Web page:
Amputations, depression and feeling judged: What it can be like to live with diabetes
Every day last year, it is likely that someone with diabetes in Wales woke up in a hospital bed without a toe, foot or leg.
A total of 404 amputations were carried out in 2016, according to Diabetes UK.
Amputations result from nerve damage, ulcers and infections.
Only a small fraction of diabetes patients have to undergo such procedures but their impact is lifelong.
Gwyneth Price, of Swansea , was diagnosed with type 1 diabetes as a 10-year-old and has now had both lower legs amputated.
Gwyneth recalled bouts of extreme thirst before she was diagnosed many years ago.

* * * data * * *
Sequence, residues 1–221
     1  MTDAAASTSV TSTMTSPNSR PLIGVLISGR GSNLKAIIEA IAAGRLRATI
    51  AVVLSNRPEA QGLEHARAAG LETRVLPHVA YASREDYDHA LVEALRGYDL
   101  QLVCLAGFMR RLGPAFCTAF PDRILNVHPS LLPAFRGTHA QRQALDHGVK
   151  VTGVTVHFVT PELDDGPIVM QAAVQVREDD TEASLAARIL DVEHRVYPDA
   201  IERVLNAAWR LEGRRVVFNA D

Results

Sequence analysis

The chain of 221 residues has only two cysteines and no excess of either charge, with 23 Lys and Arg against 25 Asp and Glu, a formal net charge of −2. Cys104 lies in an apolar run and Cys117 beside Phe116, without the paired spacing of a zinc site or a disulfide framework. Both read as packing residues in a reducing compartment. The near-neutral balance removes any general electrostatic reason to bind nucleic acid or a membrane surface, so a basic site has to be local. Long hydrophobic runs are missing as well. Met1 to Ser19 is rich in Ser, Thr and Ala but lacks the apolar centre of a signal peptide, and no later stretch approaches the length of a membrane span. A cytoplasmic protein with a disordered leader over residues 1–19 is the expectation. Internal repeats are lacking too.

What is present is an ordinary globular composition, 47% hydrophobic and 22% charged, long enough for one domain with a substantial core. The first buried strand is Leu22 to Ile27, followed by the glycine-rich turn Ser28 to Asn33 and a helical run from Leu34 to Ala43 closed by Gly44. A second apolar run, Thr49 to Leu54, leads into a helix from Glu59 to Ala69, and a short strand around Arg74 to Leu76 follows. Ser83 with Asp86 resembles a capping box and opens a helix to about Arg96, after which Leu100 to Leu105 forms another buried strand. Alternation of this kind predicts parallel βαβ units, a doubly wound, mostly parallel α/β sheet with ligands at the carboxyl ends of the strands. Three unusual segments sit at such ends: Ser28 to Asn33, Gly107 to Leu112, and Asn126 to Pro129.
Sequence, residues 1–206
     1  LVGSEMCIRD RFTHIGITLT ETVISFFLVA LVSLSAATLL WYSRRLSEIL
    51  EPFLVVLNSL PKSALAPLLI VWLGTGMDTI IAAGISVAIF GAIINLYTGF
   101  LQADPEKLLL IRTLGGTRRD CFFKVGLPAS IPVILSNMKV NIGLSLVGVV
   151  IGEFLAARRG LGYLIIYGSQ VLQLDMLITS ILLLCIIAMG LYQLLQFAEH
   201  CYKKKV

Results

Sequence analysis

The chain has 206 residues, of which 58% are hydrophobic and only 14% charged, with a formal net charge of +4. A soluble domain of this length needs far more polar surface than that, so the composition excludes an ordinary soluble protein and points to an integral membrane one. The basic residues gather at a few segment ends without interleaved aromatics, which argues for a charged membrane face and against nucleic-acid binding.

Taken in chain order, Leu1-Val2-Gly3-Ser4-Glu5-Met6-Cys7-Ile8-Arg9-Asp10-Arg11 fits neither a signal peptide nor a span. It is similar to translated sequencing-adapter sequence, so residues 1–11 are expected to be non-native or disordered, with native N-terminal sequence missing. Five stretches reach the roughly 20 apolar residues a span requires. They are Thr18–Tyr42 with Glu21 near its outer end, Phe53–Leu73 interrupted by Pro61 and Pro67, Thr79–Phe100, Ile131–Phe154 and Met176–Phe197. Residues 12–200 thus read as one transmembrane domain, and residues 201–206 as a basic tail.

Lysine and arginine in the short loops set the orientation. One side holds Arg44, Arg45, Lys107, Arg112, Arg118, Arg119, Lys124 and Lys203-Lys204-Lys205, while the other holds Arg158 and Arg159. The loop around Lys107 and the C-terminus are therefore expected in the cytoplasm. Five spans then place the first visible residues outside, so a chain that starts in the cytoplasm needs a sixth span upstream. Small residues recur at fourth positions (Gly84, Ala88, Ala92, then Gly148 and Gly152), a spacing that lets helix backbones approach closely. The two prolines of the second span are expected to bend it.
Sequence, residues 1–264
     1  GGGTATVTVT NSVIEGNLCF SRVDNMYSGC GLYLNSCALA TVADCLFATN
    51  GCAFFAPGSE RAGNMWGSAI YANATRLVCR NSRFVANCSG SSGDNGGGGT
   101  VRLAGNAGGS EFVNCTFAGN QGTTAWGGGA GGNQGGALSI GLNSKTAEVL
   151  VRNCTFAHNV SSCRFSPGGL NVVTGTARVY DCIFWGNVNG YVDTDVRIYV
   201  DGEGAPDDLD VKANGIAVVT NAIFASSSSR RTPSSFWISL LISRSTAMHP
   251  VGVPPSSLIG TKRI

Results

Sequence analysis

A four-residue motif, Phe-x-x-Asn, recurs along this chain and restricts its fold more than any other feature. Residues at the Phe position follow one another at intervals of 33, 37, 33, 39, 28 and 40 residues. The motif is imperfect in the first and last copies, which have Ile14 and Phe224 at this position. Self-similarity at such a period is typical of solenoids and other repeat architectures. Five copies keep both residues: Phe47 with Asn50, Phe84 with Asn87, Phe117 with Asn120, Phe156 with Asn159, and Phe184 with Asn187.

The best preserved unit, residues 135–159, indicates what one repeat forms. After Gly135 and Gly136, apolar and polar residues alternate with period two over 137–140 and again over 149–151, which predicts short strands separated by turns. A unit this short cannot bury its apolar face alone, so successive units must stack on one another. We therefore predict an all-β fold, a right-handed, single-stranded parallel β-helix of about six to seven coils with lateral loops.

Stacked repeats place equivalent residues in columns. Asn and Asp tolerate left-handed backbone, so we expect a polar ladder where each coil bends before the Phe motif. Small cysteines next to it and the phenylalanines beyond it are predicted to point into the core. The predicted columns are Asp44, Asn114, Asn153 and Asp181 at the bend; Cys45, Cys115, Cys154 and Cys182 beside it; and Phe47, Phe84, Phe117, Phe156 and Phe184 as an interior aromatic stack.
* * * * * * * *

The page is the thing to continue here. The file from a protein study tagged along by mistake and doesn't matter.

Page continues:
“Then you start the journey — it was all glass syringes, steel needles and urine testing back then,” she said. “You had to be admitted to hospital to be stabilised.
“I did my insulin injections — one a day — myself, usually in my thighs, occasionally my arms. I went through a phase when I hated it, but you just to learn to cope with it.
“My parents kept me close. They wanted to shelter me, more than anything. But I wanted to take the bull by the horns!”
Gwyneth’s complications surfaced in 2008, with a lack of feeling in foot nerve detector tests. Her fourth toe in her right foot became gangrenous and was amputated.
The following year she noticed her right foot had started shrivelling.
“The surgeon said they were going to have to do a lower leg amputation,” said Gwyneth, who lives with her partner in Wallace Road, St Thomas .
“It was that, or not living much longer — you don’t really have a choice at the time.”
Six weeks later Gwyneth was wearing a prosthetic leg and was back at h Continue reading